Moving Primaries Costs Voters Worthy Candidates
The state Legislature should reject Gov. Andrew Cuomo’s call to consolidate presidential, state, local and congressional primaries on April 28.
State officials already threw local politics into upheaval earlier this year by consolidating the primaries into June compared to the previous September primaries. That move meant local political calendars had to begin much earlier in the year so that petitions and opportunities to ballot could be set in time for the earlier primary. The one-time switch, while painful, made some sense because turnout was likely to be higher if all of the primaries were held on the same day while a consolidated primary saves tens of thousands of dollars locally.
Now, though, a presidential primary is causing the governor to push for another monkey wrench to be thrown into the local election process. Cuomo’s concern for saving money is laudable and noteworthy, but an April 28 primary doesn’t seem workable especially if the state Legisalture doesn’t act until sometime in January. If such a change is to be made, the state Legislature should act in a special session in November or December so that local political party officials can create yet another political calendar. Since the legislature couldn’t be bothered to return to session last year to approve its own pay raise, it’s unlikely legislators will return to session to consolidate the state’s primary date.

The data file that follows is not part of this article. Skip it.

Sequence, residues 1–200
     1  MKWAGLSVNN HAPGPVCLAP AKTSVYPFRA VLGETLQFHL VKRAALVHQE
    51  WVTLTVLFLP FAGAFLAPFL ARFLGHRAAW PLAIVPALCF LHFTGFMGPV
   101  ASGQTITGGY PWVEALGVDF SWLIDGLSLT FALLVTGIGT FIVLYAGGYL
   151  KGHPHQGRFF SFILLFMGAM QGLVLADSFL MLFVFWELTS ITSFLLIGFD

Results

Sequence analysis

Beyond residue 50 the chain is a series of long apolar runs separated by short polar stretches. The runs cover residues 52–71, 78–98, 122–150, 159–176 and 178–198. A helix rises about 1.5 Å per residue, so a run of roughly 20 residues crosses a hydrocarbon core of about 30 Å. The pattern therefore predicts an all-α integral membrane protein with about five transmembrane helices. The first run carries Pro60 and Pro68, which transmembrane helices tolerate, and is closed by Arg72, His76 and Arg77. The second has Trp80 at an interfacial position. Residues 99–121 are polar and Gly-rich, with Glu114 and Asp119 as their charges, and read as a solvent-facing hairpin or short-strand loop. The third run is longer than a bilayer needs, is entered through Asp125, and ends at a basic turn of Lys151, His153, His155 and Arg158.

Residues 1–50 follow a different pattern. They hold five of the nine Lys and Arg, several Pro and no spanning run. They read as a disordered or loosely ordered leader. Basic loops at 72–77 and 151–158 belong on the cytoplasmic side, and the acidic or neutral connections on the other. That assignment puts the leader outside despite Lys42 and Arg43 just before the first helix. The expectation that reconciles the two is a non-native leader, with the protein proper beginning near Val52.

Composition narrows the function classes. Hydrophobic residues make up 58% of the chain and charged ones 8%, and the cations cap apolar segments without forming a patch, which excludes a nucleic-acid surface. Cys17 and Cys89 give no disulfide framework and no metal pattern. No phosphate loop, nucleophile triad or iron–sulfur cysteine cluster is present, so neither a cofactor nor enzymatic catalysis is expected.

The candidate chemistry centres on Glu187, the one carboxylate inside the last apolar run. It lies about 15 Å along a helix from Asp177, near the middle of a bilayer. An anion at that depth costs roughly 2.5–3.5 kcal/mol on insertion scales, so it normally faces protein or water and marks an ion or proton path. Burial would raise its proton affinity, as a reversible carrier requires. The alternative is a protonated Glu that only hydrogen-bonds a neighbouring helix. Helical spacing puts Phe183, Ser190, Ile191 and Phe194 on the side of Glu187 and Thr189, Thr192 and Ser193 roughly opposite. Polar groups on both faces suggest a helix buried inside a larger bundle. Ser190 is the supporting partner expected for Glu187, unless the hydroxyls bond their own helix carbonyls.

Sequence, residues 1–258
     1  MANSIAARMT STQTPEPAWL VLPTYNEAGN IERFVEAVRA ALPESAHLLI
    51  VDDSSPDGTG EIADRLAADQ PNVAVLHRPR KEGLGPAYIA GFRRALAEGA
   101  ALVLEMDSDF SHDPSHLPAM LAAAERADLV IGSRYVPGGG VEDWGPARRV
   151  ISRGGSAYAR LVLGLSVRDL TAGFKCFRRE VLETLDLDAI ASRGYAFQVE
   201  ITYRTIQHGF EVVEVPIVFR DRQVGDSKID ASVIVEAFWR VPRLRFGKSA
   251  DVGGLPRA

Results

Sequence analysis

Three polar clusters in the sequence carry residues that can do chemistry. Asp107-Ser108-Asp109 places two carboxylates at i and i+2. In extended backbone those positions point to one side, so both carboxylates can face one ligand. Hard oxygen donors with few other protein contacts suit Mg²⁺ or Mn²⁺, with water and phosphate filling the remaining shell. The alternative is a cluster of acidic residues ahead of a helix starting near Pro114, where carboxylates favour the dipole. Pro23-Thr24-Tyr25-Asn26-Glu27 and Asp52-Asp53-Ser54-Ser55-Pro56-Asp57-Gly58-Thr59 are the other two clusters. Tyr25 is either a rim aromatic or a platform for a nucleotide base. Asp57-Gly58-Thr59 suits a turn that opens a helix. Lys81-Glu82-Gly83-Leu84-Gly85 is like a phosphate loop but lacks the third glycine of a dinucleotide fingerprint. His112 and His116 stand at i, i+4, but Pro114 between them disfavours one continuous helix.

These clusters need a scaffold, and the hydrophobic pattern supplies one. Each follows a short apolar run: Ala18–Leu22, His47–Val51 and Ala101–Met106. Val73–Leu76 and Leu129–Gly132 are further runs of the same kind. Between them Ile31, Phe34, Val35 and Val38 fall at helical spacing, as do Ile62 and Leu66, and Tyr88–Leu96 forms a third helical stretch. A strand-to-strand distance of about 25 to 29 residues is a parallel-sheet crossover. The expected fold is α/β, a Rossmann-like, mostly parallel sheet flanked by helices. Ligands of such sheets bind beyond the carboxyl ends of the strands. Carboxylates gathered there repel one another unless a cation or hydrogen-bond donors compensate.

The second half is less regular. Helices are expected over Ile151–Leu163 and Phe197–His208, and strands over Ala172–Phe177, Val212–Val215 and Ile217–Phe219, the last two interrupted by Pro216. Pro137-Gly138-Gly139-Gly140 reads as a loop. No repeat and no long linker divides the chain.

The idea is bad policy too.
One of the criticisms of moving local primaries from September to June was that it made candidates make decisions about running for office far too early. It comes as no surprise that in Jamestown, candidates who wanted to run for City Council during the winter and early spring were forced to withdraw from the race when life circumstances changed and forced them to move outside the city. Such empty spots on the ballot are considerably more likely if the local political calendar is moved much earlier. Even worse, the early calendar likely deprived voters of candidates who simply couldn’t commit to run for office so early in the year.
Moving the primary to April is far from simply a political inconvenience, as Cuomo said recently. Trying to set local and state races so early in the year costs voters worthy candidates — something that is already in short supply.